For example, Drs. John Hopkins and David Sharp, former senior scientists in the Los Alamos National Laboratory stockpile stewardship program, call for resumption of nuclear testing in “The Scientific Foundation for Assessing the Performance of Nuclear Weapons in the U.S. Stockpile is Eroding” (Issues in Science and Technology, Winter 2019):
--"Nuclear tests gave decisive, direct evidence about the behavior of new weapons destined for the stockpile…Virtually no comparable data exist on the nuclear performance of stockpiled weapons in their current state."
--"Nuclear testing provided a solid foundation for the development and evaluation of scientific judgment because it unequivocally tested performance predictions."
--"Confidence that today’s nuclear weapons will perform properly is predicated on the assumption that there will be no surprises . . . The history of testing complex systems, nuclear and nonnuclear, is punctuated by unpleasant surprises."
--"The above arguments are not ones that proponents of a continuing test moratorium or a Comprehensive Test Ban Treaty wish to hear."
Dr. Mark Schneider, former senior Pentagon nuclear strategist, observes: "Today, we do not have 'science-based stockpile stewardship,' but more like 'political science-based stockpile stewardship' while, conversely, Russia has science-based development of new and improved nuclear weapons” ("Yes, the Russians Are Testing Nuclear Weapons and it is Very Important" RealClearDefense.com 14 August 2019).
Warning From Former Director U.S. Defense Nuclear Agency
The U.S. Defense Nuclear Agency (DNA) was the Defense Department’s chief steward for overseeing the national labs to ensure U.S. nuclear weapons were safe, reliable, and effective for their military missions. The Clinton Administration abolished the Defense Nuclear Agency.
Abolition of the DNA combined with the CTBT and inauguration of “science-based” stockpile stewardship began the long spiral downward of the U.S. nuclear deterrent, toward where it may no longer be credible to adversaries like Russia, China, and North Korea—who are all nuclear testing advanced nuclear weapons.
Former Director of the U.S. Defense Nuclear Agency, Vice Admiral Robert Monroe, has written extensively and warned for years that U.S. failure to test and develop new nuclear weapons is an existential threat. For example, in “It’s Time For America To Resume Nuclear Testing” (The Hill 15 November 2017) VADM Monroe is worth quoting at length:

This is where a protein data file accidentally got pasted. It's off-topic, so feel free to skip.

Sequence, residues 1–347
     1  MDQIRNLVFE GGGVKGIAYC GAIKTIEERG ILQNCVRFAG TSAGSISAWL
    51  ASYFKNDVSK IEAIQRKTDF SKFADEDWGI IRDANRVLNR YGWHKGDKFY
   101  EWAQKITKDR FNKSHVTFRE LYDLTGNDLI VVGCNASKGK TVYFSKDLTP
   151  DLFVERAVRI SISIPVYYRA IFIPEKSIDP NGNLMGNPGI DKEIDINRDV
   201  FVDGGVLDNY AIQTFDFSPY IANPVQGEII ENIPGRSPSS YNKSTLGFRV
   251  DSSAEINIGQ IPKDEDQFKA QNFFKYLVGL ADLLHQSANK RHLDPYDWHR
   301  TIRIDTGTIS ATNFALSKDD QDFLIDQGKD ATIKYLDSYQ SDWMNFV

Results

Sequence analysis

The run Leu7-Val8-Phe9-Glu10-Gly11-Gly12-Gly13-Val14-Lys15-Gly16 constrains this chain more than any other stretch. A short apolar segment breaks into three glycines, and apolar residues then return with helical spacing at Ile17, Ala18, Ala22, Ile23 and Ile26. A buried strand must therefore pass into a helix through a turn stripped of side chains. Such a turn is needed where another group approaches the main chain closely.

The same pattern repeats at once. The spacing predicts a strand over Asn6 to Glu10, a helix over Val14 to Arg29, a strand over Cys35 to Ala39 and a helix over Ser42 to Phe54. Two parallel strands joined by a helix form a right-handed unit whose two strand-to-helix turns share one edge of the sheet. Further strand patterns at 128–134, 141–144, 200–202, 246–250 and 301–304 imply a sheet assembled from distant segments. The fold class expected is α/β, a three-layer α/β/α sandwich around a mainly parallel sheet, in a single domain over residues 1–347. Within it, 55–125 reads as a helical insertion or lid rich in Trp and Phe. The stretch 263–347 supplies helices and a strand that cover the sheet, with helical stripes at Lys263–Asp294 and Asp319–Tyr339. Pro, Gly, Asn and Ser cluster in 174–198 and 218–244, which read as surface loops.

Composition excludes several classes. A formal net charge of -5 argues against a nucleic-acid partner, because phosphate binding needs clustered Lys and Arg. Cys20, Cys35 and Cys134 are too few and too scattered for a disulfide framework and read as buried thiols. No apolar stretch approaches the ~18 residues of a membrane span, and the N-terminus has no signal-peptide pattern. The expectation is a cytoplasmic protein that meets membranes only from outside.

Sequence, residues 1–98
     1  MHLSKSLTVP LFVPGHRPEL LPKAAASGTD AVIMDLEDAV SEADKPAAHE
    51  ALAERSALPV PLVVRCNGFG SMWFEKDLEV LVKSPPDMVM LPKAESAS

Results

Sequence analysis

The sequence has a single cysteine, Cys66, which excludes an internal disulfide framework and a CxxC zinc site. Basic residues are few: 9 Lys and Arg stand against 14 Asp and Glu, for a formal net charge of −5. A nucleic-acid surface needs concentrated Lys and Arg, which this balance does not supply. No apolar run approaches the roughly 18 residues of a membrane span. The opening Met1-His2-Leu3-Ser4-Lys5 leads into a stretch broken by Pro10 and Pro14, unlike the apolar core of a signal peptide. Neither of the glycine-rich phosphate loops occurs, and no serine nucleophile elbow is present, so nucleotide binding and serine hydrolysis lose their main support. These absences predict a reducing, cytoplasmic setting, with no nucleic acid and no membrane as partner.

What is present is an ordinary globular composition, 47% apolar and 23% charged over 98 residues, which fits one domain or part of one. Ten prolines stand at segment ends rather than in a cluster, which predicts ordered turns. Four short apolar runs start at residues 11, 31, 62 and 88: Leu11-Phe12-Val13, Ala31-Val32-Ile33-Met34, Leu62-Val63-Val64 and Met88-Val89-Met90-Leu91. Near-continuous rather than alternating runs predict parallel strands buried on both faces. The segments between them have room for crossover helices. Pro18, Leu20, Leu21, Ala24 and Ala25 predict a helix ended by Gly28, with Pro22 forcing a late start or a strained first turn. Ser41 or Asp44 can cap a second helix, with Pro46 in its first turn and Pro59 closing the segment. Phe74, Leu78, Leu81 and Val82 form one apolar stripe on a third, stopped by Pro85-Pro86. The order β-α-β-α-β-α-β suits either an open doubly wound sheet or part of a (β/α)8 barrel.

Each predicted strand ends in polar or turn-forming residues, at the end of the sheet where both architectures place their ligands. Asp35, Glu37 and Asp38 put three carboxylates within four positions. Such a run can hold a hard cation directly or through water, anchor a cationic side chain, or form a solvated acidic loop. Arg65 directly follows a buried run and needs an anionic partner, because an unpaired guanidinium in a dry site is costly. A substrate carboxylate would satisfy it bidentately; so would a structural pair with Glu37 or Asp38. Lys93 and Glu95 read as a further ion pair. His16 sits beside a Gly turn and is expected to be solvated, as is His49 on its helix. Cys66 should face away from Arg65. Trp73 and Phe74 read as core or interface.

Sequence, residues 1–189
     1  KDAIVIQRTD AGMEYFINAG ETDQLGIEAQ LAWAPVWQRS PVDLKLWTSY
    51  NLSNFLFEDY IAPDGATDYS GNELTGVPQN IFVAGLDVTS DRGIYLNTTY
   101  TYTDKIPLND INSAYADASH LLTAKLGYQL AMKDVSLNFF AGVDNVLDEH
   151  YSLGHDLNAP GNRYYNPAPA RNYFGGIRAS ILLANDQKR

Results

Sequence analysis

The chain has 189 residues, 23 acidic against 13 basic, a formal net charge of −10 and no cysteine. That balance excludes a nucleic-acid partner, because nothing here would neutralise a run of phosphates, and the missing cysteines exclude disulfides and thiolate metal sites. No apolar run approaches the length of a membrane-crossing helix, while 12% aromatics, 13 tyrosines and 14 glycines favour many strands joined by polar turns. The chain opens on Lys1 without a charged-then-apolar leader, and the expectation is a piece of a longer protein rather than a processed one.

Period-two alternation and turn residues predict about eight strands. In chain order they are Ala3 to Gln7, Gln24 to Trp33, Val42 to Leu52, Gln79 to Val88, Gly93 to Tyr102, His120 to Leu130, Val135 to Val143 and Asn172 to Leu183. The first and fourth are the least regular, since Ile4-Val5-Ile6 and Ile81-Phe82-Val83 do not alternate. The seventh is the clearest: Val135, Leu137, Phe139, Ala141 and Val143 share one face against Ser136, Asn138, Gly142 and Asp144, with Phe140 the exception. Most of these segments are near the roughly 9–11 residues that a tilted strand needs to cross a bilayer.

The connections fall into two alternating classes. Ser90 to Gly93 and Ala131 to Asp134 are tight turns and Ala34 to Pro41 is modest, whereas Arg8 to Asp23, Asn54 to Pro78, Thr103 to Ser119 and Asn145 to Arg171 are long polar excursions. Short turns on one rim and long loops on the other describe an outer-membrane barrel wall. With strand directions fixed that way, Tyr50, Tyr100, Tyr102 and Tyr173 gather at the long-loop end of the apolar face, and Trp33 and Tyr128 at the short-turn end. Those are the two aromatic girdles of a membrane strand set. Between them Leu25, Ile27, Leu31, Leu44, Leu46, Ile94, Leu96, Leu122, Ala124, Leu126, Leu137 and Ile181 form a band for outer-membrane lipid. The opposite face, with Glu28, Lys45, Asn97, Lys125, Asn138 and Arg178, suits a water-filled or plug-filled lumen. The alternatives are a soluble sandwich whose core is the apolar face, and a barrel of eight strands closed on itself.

--“America must resume underground nuclear testing, and we must do it immediately. Our lives depend upon it. The very existence of the United States may well depend upon it.”
--"During the half-century of Cold War we tested nuclear weapons as needed. We won that war because the testing enabled us to gain and hold a supremacy in nuclear technology and weapons that the Soviet Union could not match."
--"But in 1992, our president unwisely declared--voluntarily and unilaterally--a U.S. moratorium on nuclear testing. Today...we are risking everything by mindlessly continuing to observe this moratorium. We don't question it. We don't debate it. We don't think about it."
--"Here's how we stand today. No U.S. nuke has been tested...we cannot be sure they will work. Every weapon is years beyond the end of its design life. Designed for massive destruction, our arsenal is unable to deter most of today's nuclear threats. We have no capability to produce plutonium pits (the heart of nuclear weapons); recovery will take a decade."
--"We've done no research whatsoever in advanced nuclear technologies; our adversaries are decades ahead of us. Our scientists, designers, engineers, and production managers have no experience in their professions. Our testing facilities, and knowledge, are virtually non-existent; recovery will take years."
--"All of these capabilities must be recovered in full--as rapidly as possible--and the key to everything is nuclear testing. We must resume underground nuclear testing as soon as possible."
--"For the Energy Department, the highest priority (existential) need is testing the principal deployed warheads of our strategic deterrent (W76, W78, B61 and so on) to ensure their reliability. Almost as urgent is the need to conduct exploratory testing of advanced, low-yield (10-100 ton) warheads. Russia is decades ahead. Exploratory work maximizing fusion rather than fission output is vital, possibly leading to pure fusion warheads Other exploratory testing is essential if we are to avoid technological surprise."
Russia and China Testing Advanced Technology Nuclear Weapons
In 2020, the State Department finally acknowledged Russia and China have been violating the 1996 Comprehensive Test Ban Treaty (CTBT). The U.S. has faithfully observed the unratified CTBT unilaterally, conducting no nuclear tests since 1992. (See U.S. State Department, Adherence to and Compliance with Arms Control, Nonproliferation, and Disarmament Agreements and Commitments 2020.)